Sun, Jul 16, 2006 - Page 19 News List

Cars out for the ladies

For years women in motor racing were just 'brolly dollies' or mascots. Now, though, a major event puts them in the driving seat

By Fanny Johnstone  /  THE GUARDIAN , LONDON

Women such as Britain's Katherine Legge are beginning to make a mark in car racing and challenge "brolly-dolly" stereotypes as epitomized by Katie Price despite what F1 boss Bernie Ecclestone and Jenson Button say.


Bantering with a journalist from the lads' mag FHM last year, Jenson Button was asked his opinion of women racing drivers. “You wouldn't want to be on the circuit with them, would you?” he said. “A girl with big boobs would never be comfortable in the car. And the mechanics wouldn't concentrate. Can you imagine strapping her in?”

Unsurprisingly, his comments caused quite a storm. Until recently, though, they seem to have been pretty representative of attitudes towards women in motor sports, especially in formula one.

After all, for years now, the closest most women have got to a racetrack is either in the trackside audience, or by being a “brolly dolly”: wearing a short skirt and marking the place on the starting grid for drivers, while shielding them from the sun with an umbrella.

(Glamor model Katie Price epitomized this image when she was the F1 mascot for Eddie Jordan's team, bagging the name “Jordan” on the way.)

Recently though, the grid-girl concept has begun teetering on its high-heels, thanks to a major British racing championship called Formula Woman. Although the highly respected British Women's Racing Drivers Club (BWRDC) promotes women already making their way in motor sport, it doesn't generate events. But Formula Woman is a championship specifically designed to teach novice female drivers how to become fully fledged racing drivers in a supportive, but competitive, environment.

And at least one major F1 player is enthusiastic about women becoming drivers and training to a standard where they can compete with men. Just last month), David Coulthard spoke up strongly for women in motor sport. “I'm a great believer that (women should) have an equal opportunity to race,” he said, “There's no reason at all why they shouldn't race with men. There's no physical or reaction reason. More men get into it, because more boys get into it. My sister was naturally a better driver than I was, though.”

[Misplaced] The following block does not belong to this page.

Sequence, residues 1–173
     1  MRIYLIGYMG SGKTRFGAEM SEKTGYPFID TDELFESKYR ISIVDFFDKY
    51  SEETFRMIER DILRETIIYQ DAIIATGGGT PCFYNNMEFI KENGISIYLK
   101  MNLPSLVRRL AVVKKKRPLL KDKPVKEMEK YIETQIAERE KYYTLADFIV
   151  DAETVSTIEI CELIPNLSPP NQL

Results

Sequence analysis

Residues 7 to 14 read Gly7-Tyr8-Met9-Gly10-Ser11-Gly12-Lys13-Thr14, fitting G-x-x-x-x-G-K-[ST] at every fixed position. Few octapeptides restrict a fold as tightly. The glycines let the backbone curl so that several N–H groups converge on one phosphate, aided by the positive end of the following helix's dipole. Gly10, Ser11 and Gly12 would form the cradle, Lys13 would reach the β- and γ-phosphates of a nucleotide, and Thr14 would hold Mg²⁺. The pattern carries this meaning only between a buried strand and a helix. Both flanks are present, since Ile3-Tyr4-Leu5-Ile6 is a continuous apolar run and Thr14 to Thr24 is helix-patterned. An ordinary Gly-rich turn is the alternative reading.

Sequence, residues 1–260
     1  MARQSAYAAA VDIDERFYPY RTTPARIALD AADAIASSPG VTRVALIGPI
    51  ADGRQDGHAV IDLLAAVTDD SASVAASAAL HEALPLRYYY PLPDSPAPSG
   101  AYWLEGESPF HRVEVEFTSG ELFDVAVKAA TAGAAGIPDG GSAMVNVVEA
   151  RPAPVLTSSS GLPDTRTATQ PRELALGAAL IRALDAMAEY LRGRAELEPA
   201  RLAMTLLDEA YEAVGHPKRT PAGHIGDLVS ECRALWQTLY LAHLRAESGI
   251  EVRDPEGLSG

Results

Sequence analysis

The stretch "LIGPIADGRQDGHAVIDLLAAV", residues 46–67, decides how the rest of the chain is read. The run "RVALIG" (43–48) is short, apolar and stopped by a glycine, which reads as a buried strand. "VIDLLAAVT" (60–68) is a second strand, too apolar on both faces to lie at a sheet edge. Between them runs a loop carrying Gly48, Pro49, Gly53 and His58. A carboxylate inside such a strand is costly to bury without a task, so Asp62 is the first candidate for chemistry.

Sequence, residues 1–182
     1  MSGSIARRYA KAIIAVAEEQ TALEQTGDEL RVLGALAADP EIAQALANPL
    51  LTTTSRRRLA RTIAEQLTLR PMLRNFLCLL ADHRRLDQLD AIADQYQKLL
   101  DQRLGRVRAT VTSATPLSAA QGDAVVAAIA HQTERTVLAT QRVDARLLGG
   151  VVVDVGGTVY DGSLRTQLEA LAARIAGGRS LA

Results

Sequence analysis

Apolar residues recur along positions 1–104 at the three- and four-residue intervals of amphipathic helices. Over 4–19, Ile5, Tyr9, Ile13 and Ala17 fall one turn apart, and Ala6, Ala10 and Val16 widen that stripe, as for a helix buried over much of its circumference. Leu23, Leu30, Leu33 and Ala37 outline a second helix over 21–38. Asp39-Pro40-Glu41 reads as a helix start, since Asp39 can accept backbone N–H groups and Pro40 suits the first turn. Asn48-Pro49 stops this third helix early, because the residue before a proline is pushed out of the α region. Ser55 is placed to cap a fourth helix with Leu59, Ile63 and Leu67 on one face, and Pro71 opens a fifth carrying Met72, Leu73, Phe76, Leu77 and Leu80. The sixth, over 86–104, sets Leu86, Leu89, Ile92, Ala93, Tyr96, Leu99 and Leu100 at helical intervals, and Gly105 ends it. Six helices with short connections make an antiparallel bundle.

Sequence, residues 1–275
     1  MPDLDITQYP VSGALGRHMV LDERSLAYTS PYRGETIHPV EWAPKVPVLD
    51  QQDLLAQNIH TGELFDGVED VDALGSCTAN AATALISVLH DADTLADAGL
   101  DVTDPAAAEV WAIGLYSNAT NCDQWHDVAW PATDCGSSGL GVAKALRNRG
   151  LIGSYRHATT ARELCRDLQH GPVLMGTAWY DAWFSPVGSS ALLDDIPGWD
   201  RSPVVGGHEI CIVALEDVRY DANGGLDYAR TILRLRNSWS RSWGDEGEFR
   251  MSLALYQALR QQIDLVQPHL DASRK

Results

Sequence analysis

And, it seems, women are just as keen to get into the sport. Launched in 2003, the Formula Woman competition has grown massively since its inception, with an eye-popping 10,000 women registering to take part after the television airing of the first FW Championship, and there's a three-day elimination camp to find the final 16 to compete in the championship. They are tested for everything they will need to become a first-class racing driver in the real world; points are won with track times, fitness levels and finance generated (particularly important given the sheer expense of motor sports).

The cost of a young driver going into Formula Ford is about £100,000 (US$184,000) per season. Formula three is £500,000 per season, and it costs multi-millions just to break into formula one — some F1 teams take paying drivers just to subsidise the entire team's financial survival. Compared to this, taking part in the Formula Woman championship — in which all the cars are provided — is much more accessible for women trying to break into the industry, costing about £10,000 for the season.

Like F1, the championship unravels over three months at prime track locations such as Brands Hatch, UK — the first race of the season is at Pembrey in South Wales on Saturday. Winning in 2004 launched the career of Natasha Firman, who has since become a paid driver (for Mazda), racing in a mixed team, a rare achievement in the UK. Other championship finalists are active in motor sport.

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